When Ryan Storm went to a school health fair featuring the Canadian Sugar Institute, he asked some important questions. Why was the Institute presenting at his school as part of a “Healthy Hub” program? Why were they claiming sugar was healthy? What studies they were citing? Who had funded the research? But the sugar reps weren’t too happy with him. “I was asked by the supervising presenter to stop asking so many questions, and basically asked me to leave their table. Four people were at that table promoting sugar, and one pretty small 13-year-old kid asking questions was a problem?” So Ryan decided to blog about being silenced by Big Sugar—and his account made headlines around Canada. You can read more about the inspiring young activist who called out the sugar industry here.
With the explosion of digital entertainment aimed at very young children, it’s more important than ever to help kids find time for imaginative play with sensory-rich materials. 150+ Screen-Free Activities for Kids provides easy, step-by-step instructions for creating open-ended activities for babies, toddlers, and older children. Citro purposefully chooses materials that are inexpensive and easily found at local grocery stores or superstores. Many of the activities are designed to engage multiple ages at once (great for siblings!). Whether you’re new to sensory play or just looking for some fresh ideas, 150+ Screen-Free Activities for Kids can help you inspire hours of screen-free fun.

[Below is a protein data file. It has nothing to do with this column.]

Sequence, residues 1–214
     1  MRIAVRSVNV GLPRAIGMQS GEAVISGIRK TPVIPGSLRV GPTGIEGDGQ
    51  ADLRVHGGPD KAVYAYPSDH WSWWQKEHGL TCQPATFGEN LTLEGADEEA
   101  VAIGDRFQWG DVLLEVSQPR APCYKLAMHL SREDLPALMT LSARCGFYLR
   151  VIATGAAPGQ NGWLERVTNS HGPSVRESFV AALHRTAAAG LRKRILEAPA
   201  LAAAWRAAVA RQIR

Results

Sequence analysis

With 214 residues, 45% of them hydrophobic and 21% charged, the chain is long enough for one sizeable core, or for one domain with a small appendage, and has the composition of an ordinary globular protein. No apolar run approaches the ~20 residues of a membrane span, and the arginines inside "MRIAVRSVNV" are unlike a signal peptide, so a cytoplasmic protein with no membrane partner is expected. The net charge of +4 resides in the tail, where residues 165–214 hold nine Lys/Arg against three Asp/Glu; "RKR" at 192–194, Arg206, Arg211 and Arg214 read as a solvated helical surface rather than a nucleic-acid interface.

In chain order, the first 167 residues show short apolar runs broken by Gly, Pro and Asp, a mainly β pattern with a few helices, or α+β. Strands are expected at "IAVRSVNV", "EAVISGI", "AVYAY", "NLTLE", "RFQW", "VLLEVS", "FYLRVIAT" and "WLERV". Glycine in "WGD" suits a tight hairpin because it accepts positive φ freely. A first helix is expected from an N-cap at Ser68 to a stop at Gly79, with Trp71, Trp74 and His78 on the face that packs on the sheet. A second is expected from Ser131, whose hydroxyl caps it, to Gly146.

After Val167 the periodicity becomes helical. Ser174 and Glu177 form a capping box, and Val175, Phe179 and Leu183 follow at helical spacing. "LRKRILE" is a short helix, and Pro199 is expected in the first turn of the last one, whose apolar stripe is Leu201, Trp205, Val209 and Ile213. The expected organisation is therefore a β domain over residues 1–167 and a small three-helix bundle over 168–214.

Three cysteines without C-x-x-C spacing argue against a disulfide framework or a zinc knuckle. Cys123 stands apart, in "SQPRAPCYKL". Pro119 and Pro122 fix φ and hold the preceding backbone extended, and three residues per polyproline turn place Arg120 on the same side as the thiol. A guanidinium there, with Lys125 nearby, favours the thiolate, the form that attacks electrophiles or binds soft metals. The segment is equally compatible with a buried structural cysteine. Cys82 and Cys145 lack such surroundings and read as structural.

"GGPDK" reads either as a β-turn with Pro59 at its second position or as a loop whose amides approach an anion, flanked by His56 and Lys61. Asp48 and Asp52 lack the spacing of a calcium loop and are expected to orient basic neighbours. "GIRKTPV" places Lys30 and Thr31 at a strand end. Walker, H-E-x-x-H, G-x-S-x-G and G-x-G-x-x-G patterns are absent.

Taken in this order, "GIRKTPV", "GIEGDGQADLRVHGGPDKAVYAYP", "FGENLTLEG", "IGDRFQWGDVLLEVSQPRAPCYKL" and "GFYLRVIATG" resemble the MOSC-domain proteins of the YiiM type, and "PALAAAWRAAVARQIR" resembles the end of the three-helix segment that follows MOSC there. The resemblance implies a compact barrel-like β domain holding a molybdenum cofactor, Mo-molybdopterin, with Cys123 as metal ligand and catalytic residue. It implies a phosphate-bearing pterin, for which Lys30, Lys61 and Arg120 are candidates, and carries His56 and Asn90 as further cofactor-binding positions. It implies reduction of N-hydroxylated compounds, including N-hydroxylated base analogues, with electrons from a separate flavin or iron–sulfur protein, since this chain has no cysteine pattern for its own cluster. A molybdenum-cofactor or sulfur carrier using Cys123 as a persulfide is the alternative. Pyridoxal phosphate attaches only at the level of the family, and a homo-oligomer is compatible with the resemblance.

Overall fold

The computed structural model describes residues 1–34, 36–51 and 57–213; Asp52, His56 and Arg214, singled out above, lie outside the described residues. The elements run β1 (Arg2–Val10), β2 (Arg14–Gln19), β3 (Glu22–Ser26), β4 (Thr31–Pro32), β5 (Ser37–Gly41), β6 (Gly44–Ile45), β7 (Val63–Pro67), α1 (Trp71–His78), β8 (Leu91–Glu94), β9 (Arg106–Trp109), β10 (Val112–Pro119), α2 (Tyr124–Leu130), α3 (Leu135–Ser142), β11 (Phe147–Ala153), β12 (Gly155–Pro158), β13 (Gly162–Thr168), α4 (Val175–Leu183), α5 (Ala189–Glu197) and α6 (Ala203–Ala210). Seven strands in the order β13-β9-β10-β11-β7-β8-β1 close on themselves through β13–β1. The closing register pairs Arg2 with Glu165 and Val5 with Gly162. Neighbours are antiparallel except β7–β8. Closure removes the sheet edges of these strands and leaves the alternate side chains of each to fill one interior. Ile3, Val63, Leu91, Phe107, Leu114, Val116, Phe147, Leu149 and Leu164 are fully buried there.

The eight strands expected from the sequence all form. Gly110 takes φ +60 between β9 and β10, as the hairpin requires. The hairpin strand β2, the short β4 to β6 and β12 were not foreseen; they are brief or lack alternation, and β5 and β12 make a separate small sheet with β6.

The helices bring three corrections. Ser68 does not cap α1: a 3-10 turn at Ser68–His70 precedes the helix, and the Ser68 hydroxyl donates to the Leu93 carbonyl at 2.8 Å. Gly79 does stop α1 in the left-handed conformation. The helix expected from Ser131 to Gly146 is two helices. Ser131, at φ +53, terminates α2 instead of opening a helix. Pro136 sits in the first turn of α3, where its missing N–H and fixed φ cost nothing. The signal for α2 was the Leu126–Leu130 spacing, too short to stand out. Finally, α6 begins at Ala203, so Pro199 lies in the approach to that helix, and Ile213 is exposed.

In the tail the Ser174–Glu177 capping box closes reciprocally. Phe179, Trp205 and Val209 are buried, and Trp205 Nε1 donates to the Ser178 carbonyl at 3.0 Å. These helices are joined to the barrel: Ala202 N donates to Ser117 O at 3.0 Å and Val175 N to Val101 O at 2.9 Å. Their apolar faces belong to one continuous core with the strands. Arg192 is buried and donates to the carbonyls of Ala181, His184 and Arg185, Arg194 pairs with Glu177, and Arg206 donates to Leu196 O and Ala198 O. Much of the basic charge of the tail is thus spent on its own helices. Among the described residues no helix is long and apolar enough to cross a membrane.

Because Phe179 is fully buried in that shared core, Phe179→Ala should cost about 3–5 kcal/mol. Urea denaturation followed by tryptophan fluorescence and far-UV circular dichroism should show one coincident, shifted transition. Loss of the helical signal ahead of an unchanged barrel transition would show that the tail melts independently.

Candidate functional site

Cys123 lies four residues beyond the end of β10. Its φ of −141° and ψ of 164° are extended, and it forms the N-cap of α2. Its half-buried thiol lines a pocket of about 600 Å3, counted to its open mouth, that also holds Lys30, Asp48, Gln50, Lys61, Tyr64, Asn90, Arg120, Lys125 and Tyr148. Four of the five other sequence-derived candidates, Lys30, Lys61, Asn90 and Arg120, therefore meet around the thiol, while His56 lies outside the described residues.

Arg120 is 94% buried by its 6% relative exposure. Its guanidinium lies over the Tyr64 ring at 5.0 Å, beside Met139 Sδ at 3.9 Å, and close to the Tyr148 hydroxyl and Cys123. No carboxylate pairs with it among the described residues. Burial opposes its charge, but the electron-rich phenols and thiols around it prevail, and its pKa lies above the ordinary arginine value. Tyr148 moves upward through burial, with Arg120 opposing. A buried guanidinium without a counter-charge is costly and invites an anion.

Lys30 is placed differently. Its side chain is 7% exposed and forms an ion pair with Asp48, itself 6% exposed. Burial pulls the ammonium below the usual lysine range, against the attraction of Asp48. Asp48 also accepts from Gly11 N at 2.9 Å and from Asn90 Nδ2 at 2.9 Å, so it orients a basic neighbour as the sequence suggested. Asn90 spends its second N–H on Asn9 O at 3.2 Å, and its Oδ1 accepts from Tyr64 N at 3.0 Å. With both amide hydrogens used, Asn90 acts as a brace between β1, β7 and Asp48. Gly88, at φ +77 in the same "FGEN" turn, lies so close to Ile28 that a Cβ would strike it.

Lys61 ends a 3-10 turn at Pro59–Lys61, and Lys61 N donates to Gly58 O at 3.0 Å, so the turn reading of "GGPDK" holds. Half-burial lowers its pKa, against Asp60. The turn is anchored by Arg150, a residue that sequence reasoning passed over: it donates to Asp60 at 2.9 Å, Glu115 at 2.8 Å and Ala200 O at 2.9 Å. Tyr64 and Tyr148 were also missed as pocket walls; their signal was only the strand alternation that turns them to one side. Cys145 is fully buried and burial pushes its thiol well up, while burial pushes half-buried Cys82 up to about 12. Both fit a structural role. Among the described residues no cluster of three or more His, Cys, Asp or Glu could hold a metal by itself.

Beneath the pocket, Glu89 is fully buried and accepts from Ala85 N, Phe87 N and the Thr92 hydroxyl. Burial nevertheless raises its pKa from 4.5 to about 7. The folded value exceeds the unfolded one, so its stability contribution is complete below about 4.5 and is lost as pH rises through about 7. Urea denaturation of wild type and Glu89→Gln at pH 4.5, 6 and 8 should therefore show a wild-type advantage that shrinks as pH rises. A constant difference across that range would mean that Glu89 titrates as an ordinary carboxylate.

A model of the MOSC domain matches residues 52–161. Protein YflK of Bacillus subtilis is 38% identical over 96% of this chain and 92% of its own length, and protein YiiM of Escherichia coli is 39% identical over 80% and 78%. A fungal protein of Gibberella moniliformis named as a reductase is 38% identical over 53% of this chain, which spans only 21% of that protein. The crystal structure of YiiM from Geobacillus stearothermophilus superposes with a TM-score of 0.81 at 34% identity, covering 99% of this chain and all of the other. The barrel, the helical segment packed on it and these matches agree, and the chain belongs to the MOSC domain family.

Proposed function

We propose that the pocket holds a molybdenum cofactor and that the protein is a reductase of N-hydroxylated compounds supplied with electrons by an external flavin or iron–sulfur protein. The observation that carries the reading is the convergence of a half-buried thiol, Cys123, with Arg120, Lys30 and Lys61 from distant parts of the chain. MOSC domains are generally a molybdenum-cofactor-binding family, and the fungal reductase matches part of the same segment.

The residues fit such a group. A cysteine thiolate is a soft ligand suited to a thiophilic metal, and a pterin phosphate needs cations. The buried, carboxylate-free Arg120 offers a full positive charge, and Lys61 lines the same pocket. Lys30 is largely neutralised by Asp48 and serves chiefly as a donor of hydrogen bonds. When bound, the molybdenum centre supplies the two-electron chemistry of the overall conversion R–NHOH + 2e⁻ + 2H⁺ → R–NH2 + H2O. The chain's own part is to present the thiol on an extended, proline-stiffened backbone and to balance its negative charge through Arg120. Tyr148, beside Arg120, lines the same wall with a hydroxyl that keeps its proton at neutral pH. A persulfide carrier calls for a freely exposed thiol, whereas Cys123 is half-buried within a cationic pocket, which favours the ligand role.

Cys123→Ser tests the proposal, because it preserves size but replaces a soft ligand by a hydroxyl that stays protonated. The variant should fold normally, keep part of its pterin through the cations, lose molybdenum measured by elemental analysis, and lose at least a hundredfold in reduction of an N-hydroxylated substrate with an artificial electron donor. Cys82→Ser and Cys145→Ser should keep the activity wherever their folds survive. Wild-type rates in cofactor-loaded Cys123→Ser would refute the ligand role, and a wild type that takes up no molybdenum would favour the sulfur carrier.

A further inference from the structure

- Feeding Moloch: The Sacrifice of Children on the Altar of Capitalism. In this talk at the Harvard Divinity School, award-winning novelist Russell Banks makes a beautifully framed spiritual and existential argument for how marketing harms children. (Portions directly relevant to CCFC’s work begin at the 32 minute mark, but we recommend the whole thing.)
- Susan Linn explains why children’s museums shouldn’t brand their interactive exhibits in exchange for corporate “donations.”
- Josh Golin weighs in on Lammily, the new anti-Barbie.
- A surprising group of parents share CCFC’s concerns about how much time children are spending with screens.